Wednesday, 26 October 2011

halloweens past

My mom made all my costumes.

Well, okay, there was the one year I went as a bride and she had to cut down the Southern Belle monstrosity we'd found hanging poofily at the thrift shop, but for the most part? I was an original.

I don't make all my kids costumes, though. Crafty skips generations (or so I'm finding) and they're still delighted with bits and pieces. Last year, I made my son's costume (he was a zombie) and bought a wee witch outfit for R. The year before, he was a Transformer and she was a purple cat. (I didn't get the purple paint out from under my nails for weeks!)

Tradition-wise, we've started them young (they both went out their first Halloween (in costumes) - Cass was 26 days old, and Rosey just a couple of weeks) taught them the old-school spooky thrill of scaring people, hammered into them (or at least I hope so) the importance of saying thank you when strangers give you candy, and set them free to run in the joyous gloom of Halloween night. We live in a rural enough area that the houses are in places few and far between, and we usually end up taking our car. Wherever the houses are closer, the kids (and I!) hop out, and they swoop through the dark, looking for the next house with a light on, while B trundles behind, headlights on low.

The kids also like telling spoooky stories after the great candy hunt with only the light from the fire......great for sound effects and grandiose gestures (with the occasional crackling noise from furtive wrappers) and hushed, quiet, cliff-hanger voices that grow LOUDER at plot points and character changes.

After Halloween we say goodbye to the pumpkins and the gourds and the crazy spiderwebs hung over everything, and the world looks stark and plain for a few days.

But the candy goes on and on....

click here to read about more of our traditions and hear about what candy will be at my house this year!

Sunday, 23 October 2011

life underwater

One of the really beautiful, amazing things about living near a watershed is

You don't have to look up to see the sky.

Saturday, 22 October 2011

kicking it with ponies

It's been an amazing week over here. Last week, Cass went to his first judo lesson, and walked out an hour later beaming. He broke a board. WITH HIS FOOT. On PURPOSE.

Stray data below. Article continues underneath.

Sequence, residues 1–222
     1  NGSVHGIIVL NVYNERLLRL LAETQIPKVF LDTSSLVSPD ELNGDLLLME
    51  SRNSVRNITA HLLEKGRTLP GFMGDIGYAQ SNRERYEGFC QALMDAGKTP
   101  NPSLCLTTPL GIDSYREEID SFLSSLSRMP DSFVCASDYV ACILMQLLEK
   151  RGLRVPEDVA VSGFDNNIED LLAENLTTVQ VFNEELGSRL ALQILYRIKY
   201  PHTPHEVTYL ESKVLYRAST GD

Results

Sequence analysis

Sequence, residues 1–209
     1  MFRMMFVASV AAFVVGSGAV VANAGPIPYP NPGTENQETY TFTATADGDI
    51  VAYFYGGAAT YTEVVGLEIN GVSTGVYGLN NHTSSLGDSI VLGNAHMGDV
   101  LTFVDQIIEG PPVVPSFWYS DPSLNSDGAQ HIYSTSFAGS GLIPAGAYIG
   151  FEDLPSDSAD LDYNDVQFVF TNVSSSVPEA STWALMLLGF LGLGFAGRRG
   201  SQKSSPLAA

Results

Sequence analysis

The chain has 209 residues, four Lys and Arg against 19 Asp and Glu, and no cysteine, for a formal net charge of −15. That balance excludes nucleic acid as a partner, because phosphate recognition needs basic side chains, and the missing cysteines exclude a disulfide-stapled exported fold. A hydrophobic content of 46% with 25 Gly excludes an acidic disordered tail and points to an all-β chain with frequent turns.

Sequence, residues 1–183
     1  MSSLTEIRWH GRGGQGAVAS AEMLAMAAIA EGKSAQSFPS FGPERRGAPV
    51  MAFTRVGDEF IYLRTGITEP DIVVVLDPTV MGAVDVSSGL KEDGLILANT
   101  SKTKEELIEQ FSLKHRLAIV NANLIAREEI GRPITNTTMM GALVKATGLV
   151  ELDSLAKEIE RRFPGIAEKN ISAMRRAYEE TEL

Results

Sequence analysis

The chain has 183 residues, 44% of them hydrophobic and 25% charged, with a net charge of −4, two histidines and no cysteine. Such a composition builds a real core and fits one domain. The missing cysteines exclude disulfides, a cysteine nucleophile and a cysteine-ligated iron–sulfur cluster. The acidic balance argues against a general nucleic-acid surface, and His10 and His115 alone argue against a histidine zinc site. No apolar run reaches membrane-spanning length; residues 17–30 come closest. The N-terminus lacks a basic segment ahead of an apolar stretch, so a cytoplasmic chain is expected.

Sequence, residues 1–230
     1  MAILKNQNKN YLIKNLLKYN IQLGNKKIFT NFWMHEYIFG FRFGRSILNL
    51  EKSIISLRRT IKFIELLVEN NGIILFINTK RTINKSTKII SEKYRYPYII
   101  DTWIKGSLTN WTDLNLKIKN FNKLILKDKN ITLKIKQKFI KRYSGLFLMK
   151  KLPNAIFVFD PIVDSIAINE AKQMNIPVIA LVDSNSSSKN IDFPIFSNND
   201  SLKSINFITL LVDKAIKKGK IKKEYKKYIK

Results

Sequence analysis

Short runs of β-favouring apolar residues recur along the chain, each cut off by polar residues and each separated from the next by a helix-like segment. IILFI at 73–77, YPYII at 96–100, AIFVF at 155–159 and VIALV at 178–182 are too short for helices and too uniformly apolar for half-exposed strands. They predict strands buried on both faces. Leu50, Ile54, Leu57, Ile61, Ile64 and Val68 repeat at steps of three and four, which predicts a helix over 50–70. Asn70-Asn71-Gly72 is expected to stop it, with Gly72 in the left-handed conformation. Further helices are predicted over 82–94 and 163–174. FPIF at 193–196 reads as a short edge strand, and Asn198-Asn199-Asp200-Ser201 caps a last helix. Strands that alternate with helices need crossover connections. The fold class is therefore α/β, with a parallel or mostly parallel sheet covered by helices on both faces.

This month alone, he's started drama club at school, a soccer program, and judo. He's trying new things and figuring out who he wants to be, and it's fun to watch.

Today, it was riding a horse.  It was Rosey's birthday party, and nine of her good friends came out to eat cupcakes and hop up on the ponies. Most had never been on a horse before. They all did well.

Cass is very interested in riding. Rosey is too.
She's upstairs right now, wearing her brand-new Stables t-shirt, and ta-thumping her Barbie horses (and their riders) through their paces.

Welcome, horse-mad age! Welcome!

Monday, 10 October 2011


That was the best, the best Thanksgiving weekend ever.

My lovely-and-wicked-smart (and they are) sisters-in-law put their heads together and came up with a fantastic way to celebrate the holiday. Bored with the usual, they hatched a plan to get us all away from home - a way to have us all relaaaaaaaax this year.

Barely an hour from home, the spot we ended up in was amazing. AMAZING. 
THIS is the view from the kitchen of our cottage.
 And this is what you saw out the front door.

 And if being tucked into a gorgeous cabin in the woods with water and myriad shades of fall leaves around didn't clear away all the cobwebs and stress, right down the road was...

the beach.

And now I have pictures of my children frolicking in the Atlantic ocean in mid-October.
 Frolicking. Swimming. Running up and down the hard-packed sand and screeching with joy like young gulls and finding treasures and swooping from the water to the sand to where the adults sat with their faces tipped to the sun and back to the water again.

This beat turkey coma all hollow. 

Magical, amazing, incredible. 
My pictures don't do justice to the beauty of the place and don't show the depth of the absolute peace there. I'm homesick, and I can't wait to go back.

Yarn over and over

Someone, an old babysitter maybe, taught me to crochet when I was six. I remember making long braided loops of yarn and thinking how pretty ...